Friday, August 29, 2014

Goddess | Banks


When it was announced in April, Jillian Banks' debut album seemed to have a release date cast so far into the future that it would like waiting an eternity to get our hands on it. Although summer was past us before I could even blink, I'm still glad to say the wait is nearly over and the album's release is just around the corner. But, does the album live up to the expectations of a Goddess?

Just like the extended plays before it, Goddess holds a distinct sound that Banks originally grabbed onto and has now ran with. Where can this Banks sound be found at? Somewhere in the bustling junction of trip-hop beats, dark electronic synths, and R&B influences. Vocally, Banks manages to deliver both smokey low croons ("Drowning," "Beggin for Thread") and confident higher belts ("You Should Know Where I'm Coming From," "Waiting Game"). An airy yet constricted upper register is also explored some in "Stick," a track driven by snaps and cracks, and "Fuck Em Only We Know," a standard Banks track sprinkled with a surprisingly higher-pitched synth line.

The lyrics of this album are almost exclusively about heartbreak and moving on from a past partner. Each song can represent a stage of Banks' post break-up healing process, from the desperate plea of "What if I never even see you 'cause we're both on a stage? / Don't tell me to listen to your song because it isn't the same. / I don't say your love is a waiting game," to the fiery snaps of "I can see you struggling / Boy, don't hurt your brain / Thinking what you're gonna say."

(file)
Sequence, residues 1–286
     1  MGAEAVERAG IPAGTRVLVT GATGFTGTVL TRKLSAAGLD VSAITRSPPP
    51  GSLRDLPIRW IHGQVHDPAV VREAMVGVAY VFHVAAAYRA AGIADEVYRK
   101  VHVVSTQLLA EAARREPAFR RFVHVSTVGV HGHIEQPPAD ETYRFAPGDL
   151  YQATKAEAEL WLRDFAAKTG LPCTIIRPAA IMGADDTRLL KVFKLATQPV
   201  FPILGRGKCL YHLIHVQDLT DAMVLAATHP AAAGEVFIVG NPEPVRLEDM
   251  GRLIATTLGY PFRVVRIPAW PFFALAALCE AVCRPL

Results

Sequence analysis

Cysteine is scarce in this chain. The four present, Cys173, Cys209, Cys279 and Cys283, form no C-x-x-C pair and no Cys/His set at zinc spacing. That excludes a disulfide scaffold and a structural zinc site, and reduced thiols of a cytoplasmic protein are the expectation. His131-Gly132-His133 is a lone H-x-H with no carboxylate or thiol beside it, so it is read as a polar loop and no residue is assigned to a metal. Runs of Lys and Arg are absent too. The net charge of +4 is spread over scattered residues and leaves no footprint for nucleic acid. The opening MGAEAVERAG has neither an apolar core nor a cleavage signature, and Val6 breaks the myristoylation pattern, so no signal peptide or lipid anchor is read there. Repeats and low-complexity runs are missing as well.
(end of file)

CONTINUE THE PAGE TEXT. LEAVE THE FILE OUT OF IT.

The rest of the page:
After first blaming herself for the trouble in paradise on "Alibi" ("Please, give me something to convince me that I am not a monster"), Banks begins to glow with self-confidence in the title track as she essentially tells her ex that he messed with the wrong girl: "Now you gotta deal with this glitch on your shoulder / Fucking with a goddess and you get a little colder." 

Like we can see in "Goddess," revenge and reflection seem to overpower any implications of a permanently broken heart on many of these tracks. In "Drowning," Banks admits feeling suffocated by her strained relationship ("Take it from the girl you claimed to love / You gonna get some bad karma / I'm the one who had to learn to build a heart made of armor"), while in "Beggin For Thread," she warns of the power that can be emitted from her lyrics ("My words can come out as a pistol / I'm no good at aiming / But I can aim it at you"). 

Banks only breaks free from her cozy 'electro-R&B-hop' sound a few times on this album, in favor of an intimate acoustic sound. Minus a light synth run, "Someone New" is purely Banks and a guitar - a personal singer-songwriter type of sound. Meanwhile, the Justin Parker-produced "You Should Know Where I'm Coming From" is mainly piano-based, but manages to swell with strings and drums as Banks utilizes her mid-range to belt out, "I was alone when I burned my home / And all of the pieces were torn and thrown / You should know where I'm coming from."

Goddess is a monstrous debut suite of eighteen tracks. If we want to count purely new material, we're left with eleven tracks after subtracting the four tracks from the London EP and the three tracks that predate that EP ("Warm Water," "Fall Over," and "Before I Ever Met You"). Normally, larger albums give more surface area for critics to find faults - but not on this album. Banks packs a strong punch with Goddess and rightfully blasts her way into the top of the ranks for one of this year's best debuts. Her career has been developing slowly but surely in the past year and this album is the icing on the cake as she begins her reign as a Goddess.

Goddess will be available in the United States on September 9, 2014. An exclusive vinyl pressing can be found at Urban Outfitters locations.

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